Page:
But he soon illustrated his approach by detailing his priorities or answering such specific questions about his ideas regarding the proposed hotel that would be built in the heart of town, in place of the old farmers’ market–and where a hotel stood for decades before the 1970s. To that, he said his opinion doesn’t matter. “I am the boots on the grounds that get things moving,” he said. But he said he found the proposed hotel “complementary” to the community’s small-town feel. “It is not intrusive,” he said. “It would not only bring more identity to Flagler Beach and who you are–I won’t say we–I thin it is helpful for that,” he said, once again subtly, unwittingly telegraphing his insecurity with that “I won’t say we.”
Asked if he’d entertain ideas of burying power lines, he said it would be “well worth exploring,” but didn’t venture further. “There’s a price tag that comes with it, and you hold the purse strings.” Whitson answered more precisely. He knew the price tag (“it’s about a million a mile”) and he cited an example of a city that took on the initiative, but did it very slowly.
To diversify revenue sources away from dependence on property taxes, he said he likes “free money,” meaning money from grants. Whitson was again more precise: “Grants are wonderful, he said, but “some federal grants aren’t worth the paper they’re written on, he said.” At the same time, the city is entitled to get its “fair share.” But Whitson said he’d hire a firm to chase after grants. He can’t do it in house. “I don’t have enough time,” he said.
Driscoll spoke of The Gardens, the planned development along John Anderson Highway, and said annexation of that development–currently in unincorporated Flagler–could bring revenue. He spoke accommodatingly of developers, seeing them as an engine of economic development, and spoke more generally on capitalizing on “a technology hub,” using the city’s old bank building to that end, though he did not explain how–or what would go in that building.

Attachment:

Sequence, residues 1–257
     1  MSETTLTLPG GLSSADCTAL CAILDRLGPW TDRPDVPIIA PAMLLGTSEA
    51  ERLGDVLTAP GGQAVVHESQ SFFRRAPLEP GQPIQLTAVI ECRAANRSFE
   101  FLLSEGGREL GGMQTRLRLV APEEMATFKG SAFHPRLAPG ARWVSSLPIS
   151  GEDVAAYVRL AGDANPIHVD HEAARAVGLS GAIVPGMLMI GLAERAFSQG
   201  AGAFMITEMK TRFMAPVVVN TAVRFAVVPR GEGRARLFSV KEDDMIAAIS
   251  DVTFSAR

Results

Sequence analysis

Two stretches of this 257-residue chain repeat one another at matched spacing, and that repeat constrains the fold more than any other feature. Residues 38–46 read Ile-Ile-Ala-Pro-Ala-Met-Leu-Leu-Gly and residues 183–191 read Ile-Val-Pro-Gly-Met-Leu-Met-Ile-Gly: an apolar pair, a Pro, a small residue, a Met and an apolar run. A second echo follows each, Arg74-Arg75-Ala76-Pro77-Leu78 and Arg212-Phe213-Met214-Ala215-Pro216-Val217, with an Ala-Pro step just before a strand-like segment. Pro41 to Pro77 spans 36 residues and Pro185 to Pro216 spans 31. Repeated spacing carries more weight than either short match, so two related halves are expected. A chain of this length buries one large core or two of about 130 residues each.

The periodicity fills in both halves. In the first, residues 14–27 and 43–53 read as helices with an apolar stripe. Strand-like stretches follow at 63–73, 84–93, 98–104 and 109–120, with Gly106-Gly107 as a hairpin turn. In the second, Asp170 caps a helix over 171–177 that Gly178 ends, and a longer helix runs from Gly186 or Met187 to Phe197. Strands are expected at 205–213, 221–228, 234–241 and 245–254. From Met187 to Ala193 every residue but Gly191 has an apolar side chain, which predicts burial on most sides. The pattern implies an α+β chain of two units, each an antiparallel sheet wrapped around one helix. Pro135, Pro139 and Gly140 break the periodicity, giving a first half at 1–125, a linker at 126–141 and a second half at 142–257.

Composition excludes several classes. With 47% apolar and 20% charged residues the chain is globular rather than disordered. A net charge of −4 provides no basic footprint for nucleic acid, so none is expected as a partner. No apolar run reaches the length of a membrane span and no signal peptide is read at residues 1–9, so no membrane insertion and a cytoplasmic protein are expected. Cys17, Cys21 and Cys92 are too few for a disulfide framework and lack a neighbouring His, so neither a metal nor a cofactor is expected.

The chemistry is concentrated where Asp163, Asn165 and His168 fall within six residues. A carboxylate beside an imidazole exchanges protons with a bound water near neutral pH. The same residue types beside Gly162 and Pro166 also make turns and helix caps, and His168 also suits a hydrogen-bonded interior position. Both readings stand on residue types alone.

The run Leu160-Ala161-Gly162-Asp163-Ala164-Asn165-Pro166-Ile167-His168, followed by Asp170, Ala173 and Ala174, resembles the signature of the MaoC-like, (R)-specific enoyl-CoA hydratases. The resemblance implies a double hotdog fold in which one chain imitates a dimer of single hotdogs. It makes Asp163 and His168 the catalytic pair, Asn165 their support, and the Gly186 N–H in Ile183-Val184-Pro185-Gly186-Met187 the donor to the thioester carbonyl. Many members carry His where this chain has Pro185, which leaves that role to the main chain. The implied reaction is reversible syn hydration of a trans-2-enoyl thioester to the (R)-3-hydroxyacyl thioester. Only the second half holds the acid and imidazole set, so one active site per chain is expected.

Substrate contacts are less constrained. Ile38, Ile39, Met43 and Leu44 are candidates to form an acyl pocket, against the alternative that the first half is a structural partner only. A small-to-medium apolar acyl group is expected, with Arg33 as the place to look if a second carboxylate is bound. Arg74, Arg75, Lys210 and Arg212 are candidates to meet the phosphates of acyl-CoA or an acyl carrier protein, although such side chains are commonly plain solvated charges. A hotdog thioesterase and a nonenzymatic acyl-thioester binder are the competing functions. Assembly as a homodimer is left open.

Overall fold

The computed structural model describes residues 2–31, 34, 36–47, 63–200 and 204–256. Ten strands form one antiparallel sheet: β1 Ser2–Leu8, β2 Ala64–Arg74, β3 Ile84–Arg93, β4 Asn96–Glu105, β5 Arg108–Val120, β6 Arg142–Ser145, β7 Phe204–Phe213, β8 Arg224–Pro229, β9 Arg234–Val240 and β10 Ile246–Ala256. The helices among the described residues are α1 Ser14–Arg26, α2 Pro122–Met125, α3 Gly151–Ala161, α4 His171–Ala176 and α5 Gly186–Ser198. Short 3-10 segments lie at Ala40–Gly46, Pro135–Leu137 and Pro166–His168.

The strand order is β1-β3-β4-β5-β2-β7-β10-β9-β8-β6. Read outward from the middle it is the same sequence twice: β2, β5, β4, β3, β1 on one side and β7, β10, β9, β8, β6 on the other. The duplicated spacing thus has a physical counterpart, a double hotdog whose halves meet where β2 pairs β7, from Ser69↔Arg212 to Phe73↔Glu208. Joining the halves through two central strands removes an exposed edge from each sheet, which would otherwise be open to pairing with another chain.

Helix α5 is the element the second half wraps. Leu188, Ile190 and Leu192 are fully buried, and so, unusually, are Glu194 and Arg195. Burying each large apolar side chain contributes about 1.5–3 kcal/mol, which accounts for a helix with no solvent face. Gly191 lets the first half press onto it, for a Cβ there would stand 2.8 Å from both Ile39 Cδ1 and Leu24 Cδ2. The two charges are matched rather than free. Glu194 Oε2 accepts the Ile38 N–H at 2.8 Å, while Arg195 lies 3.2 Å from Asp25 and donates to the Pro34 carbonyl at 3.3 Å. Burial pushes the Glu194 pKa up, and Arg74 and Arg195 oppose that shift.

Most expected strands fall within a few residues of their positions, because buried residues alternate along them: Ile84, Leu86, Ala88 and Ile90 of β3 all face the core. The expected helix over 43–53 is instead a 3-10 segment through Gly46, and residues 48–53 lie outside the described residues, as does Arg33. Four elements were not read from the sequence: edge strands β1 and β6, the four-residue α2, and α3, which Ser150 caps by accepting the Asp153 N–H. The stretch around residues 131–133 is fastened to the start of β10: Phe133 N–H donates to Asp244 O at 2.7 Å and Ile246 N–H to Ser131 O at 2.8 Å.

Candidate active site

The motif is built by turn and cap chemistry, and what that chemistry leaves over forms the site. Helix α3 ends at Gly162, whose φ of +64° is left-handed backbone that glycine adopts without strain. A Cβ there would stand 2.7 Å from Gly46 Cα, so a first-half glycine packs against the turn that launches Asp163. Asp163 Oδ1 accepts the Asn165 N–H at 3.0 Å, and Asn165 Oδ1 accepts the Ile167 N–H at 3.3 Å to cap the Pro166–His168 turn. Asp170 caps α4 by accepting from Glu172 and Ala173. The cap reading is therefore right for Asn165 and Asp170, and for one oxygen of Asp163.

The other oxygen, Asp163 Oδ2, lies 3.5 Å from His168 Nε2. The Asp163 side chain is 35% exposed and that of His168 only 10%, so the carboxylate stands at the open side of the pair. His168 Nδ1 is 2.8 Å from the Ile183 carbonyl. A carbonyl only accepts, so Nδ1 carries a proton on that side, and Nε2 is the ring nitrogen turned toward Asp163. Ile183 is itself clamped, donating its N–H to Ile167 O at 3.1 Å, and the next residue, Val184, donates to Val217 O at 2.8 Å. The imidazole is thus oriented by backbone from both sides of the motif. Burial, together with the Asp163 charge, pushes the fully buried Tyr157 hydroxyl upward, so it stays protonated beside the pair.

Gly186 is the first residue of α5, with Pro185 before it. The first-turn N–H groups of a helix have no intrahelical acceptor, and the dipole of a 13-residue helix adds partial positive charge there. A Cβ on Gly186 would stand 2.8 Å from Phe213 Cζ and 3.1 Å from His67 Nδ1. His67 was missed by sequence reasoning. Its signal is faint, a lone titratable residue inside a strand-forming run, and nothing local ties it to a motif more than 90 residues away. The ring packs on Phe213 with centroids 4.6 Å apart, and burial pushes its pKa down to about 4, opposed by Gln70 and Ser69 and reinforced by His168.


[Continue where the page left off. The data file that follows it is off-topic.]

When it was time for Driscoll to close, his speech sounded more like a valedictory. He knew he was out.
“When I set out on this personal journey, it was outside of the box for me,” he said. He’s enjoyed his work in Daytona Beach. “It was hard to actually put my name in the hat, not knowing where I stood, understanding that there’d always be candidates superior to me out there.” He said it’s always been the case in his career: he’s always been the youngest this, the youngest that. He described his application as “one for personal growth, but also one for personal enjoyment,” and that it was worth the commission’s “curiosity.” He ended on a metaphorical farewell, telling the commission that “if today the price is not right,” he still intended to move to the city, and would be “down the street” if commissioners wanted to seek him out.
Whitson for his closing repeated what he’d said in his previous public interview: “I’m sold.” he asked rhetorically whether he was the right person to solve the city’s challenges. He said he thought he had the right experience, and would uniquely “dig in and do the hard work that it takes to do this job” with honesty and options. “I’ll never demand. I would always let you choose,” he said.
All the candidates running in the city’s March 3 election but one were present–Kim Carney and Suzy Johnston, who are running for mayor, and Paul Harrington, who is challenging Eric Cooley for that commission seat. All three said they approved of the commission’s choice. Pat Quinn, a mayoral candidate, was absent.
The sound in Wednesday’s candidate interviews on the city’s YouTube channel was fitful, working only about 75 percent of the time: